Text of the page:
Fall Back ~ Keeping Your Baby’s Sleep on Track
Daylight Saving Time is about to end and we will be moving back to Standard Time on Sunday, November 3rd, 2013. Many parents have already contacted me wondering how they can help their little ones manage the transition while still maintaining the great sleep schedule they have created! The good news is that you really don’t need to do anything… yet!
Below are my tips for making it through this transition… remember though, it is an adjustment so be patient!
1. On Saturday night, leave the clocks alone and put your children to bed at the usual time. This will help you psychologically in the morning when your child wakes at their usual time but the clock says it is an hour earlier! Get up at your usual time and start the day… adjust your clocks only once you have had a good start to your day.
NOTE: If you happen to have an early morning commitment, of course you won’t want to be late, so if you have to, set your own clock to the new time so that you aren’t late!
2. For sleep times: “Split the Difference” for the first three days after the time change. For example:
~NAPS: If your baby usually naps at 9:30 a.m., put your baby down at 9:00 a.m. instead of at the new time of 8:30 a.m.. It will be a bit of a push for your baby but not too much to damage the schedule you have already worked so hard to establish. Do this all subsequent naps that day AND continue for three days total.
~BEDTIME: If your child usually goes to bed at 7:00 p.m., make sure lights are out at the new time of 6:30 p.m.. Again, this will be a push for your child since it will FEEL like 7:30 p.m. But this will help get the morning wake time back on track sooner. Do this starting on Sunday and for the following two nights.
~Toddlers/School-aged children: If you have a toddler or an older child who relies on a clock to know when the family ‘morning time’ has arrived, set the clock one half hour ahead of the new time so that it reads 7:00 a.m. at the new time of 6:30 a.m. . Allow your child to wake a bit earlier than normal (they will think it is 7:00 according to the clock but it will be 6:30 a.m., new time). This will only be temporary as your child adjusts to wake at their usual 7:00 a.m. time after about one or two weeks.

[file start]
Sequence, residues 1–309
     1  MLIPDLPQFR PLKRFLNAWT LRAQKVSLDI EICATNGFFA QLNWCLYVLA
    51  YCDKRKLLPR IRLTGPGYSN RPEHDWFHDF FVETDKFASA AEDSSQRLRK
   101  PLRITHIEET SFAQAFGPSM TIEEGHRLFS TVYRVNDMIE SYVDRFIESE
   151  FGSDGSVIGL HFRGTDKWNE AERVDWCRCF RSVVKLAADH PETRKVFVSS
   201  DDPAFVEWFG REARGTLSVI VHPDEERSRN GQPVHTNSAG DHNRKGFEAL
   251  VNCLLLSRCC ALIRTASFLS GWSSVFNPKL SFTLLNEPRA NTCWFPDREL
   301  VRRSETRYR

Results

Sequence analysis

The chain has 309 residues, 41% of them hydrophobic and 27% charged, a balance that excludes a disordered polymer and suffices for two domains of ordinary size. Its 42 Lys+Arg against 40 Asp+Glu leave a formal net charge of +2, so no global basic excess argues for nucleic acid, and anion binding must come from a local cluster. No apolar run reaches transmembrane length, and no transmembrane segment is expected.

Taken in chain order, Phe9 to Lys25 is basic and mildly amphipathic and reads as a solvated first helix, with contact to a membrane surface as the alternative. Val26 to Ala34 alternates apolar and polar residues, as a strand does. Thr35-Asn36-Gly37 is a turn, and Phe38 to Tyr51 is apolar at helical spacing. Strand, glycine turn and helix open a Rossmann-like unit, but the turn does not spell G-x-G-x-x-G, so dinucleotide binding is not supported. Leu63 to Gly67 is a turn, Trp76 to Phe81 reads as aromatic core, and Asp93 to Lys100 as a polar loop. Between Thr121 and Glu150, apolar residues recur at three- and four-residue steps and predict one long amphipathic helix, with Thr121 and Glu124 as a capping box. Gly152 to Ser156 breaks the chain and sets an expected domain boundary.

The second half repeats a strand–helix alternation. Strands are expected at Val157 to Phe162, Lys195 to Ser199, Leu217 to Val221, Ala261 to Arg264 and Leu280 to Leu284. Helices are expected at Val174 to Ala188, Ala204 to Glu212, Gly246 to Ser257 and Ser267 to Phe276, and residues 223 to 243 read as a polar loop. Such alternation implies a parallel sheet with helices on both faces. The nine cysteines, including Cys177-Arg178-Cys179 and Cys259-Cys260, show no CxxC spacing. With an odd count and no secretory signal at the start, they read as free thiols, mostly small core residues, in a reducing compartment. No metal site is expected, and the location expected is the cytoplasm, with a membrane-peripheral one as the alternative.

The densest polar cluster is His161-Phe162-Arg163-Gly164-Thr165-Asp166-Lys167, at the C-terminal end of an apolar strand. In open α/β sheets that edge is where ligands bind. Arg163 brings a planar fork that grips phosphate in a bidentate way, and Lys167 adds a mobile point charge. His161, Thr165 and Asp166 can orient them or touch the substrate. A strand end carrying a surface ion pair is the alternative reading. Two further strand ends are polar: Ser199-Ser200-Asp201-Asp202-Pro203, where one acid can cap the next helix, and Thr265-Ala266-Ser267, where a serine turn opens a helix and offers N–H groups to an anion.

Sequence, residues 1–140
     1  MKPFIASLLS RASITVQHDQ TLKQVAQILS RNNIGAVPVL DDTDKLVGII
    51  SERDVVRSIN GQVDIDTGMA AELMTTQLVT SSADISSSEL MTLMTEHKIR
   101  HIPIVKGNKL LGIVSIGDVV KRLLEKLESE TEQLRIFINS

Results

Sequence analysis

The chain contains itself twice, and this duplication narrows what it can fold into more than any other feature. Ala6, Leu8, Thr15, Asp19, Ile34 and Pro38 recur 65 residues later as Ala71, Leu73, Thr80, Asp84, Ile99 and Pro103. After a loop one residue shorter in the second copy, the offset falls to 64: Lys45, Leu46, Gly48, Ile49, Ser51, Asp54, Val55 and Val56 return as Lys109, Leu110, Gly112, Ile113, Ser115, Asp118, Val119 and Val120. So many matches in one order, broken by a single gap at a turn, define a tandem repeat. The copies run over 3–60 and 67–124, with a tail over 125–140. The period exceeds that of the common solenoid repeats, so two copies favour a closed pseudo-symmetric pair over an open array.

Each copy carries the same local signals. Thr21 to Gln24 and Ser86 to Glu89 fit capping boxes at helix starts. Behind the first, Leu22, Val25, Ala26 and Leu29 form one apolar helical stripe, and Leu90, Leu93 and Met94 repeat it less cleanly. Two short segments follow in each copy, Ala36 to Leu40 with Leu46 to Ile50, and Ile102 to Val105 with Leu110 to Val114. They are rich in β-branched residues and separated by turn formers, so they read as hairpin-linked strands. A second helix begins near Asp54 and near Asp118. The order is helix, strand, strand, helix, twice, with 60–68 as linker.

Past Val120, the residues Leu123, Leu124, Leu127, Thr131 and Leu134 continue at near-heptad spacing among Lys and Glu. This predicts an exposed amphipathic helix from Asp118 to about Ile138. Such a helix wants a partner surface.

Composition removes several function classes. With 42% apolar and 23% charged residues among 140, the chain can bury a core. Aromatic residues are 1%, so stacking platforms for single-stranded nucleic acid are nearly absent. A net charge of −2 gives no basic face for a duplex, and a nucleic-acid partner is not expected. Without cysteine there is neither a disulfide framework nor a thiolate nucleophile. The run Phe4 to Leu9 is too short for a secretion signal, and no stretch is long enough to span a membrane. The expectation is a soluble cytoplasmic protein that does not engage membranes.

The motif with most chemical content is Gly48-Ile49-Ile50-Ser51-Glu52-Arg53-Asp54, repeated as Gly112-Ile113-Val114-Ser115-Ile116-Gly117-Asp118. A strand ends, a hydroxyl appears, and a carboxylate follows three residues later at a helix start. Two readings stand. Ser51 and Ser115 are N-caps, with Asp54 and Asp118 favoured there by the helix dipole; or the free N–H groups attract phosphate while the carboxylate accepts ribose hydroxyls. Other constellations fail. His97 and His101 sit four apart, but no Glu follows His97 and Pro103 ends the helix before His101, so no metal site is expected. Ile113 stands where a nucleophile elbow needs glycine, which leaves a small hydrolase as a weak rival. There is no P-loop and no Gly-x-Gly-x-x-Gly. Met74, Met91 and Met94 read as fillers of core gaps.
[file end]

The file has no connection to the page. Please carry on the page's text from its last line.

Note: For toddlers, the minute numbers on a digital clock can be very confusing. If you are using one, cover the minutes of the clock with tape to avoid any confusion. If you are interested in introducing a clock to your toddler’s sleep routine to help the know when the morning has arrived, there are very kid-friendly clock on the market that can help make this fun. Two of my favourites are:
The Gro Clock and The Kids Sleep Clock
~Younger Babies: If you have a younger baby, she won’t be able to rely on a clock. If your baby is used to waking up at 6:30 a.m. but now it is 5:30 a.m., wait for 10 minutes before you respond to her so that you don’t send the message that it is now okay to wake earlier. While you will still be waking earlier than usual, it will only be temporary as your baby adjusts. The next day, wait for 20 minutes and then wait 30 minutes the third day etc. adding 10 minutes to your wait time each day so that by the end of the week your baby is waking at her usual time again. You will notice that your baby starts to wake later as the week goes on. Be patient.
3. On the fourth day, adjust all sleep times so that they get on track with the new time. This will mean that your baby’s sleep times are all happening at the correct time.
It takes our bodies about one to two weeks to fully adjust to the new time. Expect things to be a bit off for a short period of time but be patient and know that you and your child will eventually adjust as long as you are consistent in your expectations and responses.
Sweet Dreams, everyone!
Many of us dread the loss of one hour of sleep as the upcoming ‘Fall Back’ time change approaches and it seems especially daunting to those with young children who already wake early in the morning. The fact is that our body’s need a couple of weeks to adjust (no matter our age) BUT there are some things you can do to help the adjustment go as smoothly as possible for your family.